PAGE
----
Rose gold engagement rings are a bit more unusual, which might work well if you're looking for something a little different.
Our certified Fairtrade gold helps to provide better living and working conditions for small-scale miners and their communities. Our recycled gold and platinum have been refined back to their pure forms before they are alloyed, so they are of identical quality to newly-mined precious metals but without the environmental impact.
Choosing the ring size
Unless you ask them to have their finger measured, or you already know their size, then you may not be able to get their ring size 100% right. But this isn't necessarily a problem.
One thing you can do is borrow a ring from their jewellery box and get it measured. Just try to remember which finger you've seen them wear it on.
If it's the fourth finger of the right hand, then it's likely to be accurate within a size or so for their engagement finger. If it's a ring they wear on their middle finger, it's likely to be between one and four sizes too big for their engagement finger.
Most engagement rings will likely need resizing after the proposal, but this isn't an issue and usually only takes a few days. At Ingle & Rhode, we offer a complimentary resize.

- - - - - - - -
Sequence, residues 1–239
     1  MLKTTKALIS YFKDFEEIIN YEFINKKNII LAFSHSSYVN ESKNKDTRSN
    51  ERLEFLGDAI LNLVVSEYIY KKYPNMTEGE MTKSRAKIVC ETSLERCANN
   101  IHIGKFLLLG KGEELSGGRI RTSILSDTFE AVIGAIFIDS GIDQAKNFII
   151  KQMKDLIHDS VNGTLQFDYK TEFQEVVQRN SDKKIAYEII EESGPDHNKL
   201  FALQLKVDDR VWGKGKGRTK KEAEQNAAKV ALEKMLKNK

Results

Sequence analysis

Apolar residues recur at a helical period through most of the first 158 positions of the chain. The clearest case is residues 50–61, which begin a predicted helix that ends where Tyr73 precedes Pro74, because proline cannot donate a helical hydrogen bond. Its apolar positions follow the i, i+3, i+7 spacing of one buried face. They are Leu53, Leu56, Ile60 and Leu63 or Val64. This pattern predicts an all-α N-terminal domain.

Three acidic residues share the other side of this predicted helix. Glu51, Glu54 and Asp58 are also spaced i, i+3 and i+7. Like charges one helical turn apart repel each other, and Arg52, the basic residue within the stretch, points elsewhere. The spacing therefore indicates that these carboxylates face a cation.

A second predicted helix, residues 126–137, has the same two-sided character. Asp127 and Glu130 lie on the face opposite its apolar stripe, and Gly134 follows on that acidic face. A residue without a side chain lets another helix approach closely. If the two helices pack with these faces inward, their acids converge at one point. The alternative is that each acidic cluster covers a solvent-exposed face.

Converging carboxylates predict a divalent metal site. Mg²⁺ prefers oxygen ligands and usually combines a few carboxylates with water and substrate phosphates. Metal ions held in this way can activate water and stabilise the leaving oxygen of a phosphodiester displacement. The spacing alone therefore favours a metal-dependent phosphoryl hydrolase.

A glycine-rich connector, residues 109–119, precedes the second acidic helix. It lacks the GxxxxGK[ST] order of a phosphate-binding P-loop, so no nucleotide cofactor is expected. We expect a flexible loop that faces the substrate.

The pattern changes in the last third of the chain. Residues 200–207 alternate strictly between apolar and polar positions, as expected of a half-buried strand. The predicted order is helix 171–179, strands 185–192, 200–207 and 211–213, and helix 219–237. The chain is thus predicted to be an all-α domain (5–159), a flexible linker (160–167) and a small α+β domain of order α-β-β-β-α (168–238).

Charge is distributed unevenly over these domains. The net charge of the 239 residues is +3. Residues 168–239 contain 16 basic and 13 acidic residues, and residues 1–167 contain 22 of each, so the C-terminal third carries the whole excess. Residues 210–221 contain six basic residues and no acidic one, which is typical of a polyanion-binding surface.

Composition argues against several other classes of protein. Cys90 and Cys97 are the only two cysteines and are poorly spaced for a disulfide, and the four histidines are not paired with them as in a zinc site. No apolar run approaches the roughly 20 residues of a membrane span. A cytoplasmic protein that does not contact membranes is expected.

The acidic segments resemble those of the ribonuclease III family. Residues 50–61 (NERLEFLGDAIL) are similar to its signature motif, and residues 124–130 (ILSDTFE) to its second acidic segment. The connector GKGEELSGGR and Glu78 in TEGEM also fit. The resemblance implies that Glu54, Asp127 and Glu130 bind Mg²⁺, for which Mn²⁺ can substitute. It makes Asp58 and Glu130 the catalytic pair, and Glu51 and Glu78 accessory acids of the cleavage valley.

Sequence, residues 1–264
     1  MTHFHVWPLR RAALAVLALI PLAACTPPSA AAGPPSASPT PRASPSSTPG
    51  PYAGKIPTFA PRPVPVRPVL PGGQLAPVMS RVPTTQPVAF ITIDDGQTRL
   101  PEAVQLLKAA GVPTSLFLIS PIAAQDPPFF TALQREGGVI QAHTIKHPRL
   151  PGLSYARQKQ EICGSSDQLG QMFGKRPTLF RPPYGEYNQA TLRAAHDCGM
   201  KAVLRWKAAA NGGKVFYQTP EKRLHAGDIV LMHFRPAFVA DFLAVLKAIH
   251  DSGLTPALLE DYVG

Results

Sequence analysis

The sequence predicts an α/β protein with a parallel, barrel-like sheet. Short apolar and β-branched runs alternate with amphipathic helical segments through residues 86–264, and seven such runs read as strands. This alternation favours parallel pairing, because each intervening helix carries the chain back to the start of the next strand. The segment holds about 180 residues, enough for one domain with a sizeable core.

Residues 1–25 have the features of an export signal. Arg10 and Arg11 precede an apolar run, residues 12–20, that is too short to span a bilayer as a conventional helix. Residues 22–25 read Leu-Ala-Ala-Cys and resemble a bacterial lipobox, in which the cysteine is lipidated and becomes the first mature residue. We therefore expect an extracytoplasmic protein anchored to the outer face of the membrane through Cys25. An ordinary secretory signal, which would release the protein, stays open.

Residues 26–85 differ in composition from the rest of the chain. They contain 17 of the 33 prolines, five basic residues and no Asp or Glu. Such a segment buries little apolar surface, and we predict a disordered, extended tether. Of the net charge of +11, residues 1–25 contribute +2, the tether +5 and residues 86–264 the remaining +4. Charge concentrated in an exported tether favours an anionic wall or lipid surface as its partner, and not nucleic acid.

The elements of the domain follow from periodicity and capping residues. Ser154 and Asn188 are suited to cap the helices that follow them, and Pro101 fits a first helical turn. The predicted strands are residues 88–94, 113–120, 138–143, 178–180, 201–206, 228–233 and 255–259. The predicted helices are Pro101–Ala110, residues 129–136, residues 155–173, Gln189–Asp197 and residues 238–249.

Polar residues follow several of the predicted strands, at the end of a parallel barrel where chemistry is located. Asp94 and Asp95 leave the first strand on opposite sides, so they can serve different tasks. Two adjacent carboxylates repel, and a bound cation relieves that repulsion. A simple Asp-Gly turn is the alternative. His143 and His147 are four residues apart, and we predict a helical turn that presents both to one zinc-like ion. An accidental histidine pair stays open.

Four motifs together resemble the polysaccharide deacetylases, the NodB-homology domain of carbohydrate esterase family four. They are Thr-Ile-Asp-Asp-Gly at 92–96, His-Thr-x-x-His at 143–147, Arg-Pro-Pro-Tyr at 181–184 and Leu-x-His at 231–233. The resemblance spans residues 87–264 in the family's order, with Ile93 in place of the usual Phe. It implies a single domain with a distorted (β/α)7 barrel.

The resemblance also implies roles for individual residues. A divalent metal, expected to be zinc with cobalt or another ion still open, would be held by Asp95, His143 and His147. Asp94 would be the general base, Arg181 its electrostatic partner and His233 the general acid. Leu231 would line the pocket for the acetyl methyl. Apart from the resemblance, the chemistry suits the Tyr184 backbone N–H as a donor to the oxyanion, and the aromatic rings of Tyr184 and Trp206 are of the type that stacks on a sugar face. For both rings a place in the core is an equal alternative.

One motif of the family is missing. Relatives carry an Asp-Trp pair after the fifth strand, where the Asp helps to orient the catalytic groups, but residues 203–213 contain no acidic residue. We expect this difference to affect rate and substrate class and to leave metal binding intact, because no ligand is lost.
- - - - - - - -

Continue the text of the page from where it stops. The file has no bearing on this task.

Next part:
It's worth being cautious if you're thinking of choosing a ring with diamonds all the way around the band. These are harder to resize.
For some people, a ring that is big enough to pass over their knuckle is too big once it is in place on their finger (i.e. it feels loose except over the knuckle). The best solution for this is to add sizing beads (small 'domes' of gold or platinum) to the inside of the ring. This allows the ring to pass over the knuckle but stops it from feeling loose once it's on.
If you can borrow your partner's ring and bring it in, we can measure it for you. If that's not possible, use our sizing chart on the next page to estimate the size. UK ring sizes run from A (the smallest) to Z (the largest).
For more detailed guidance, please read our complete guide here, or click on the image below to open our infographic on choosing the perfect engagement ring.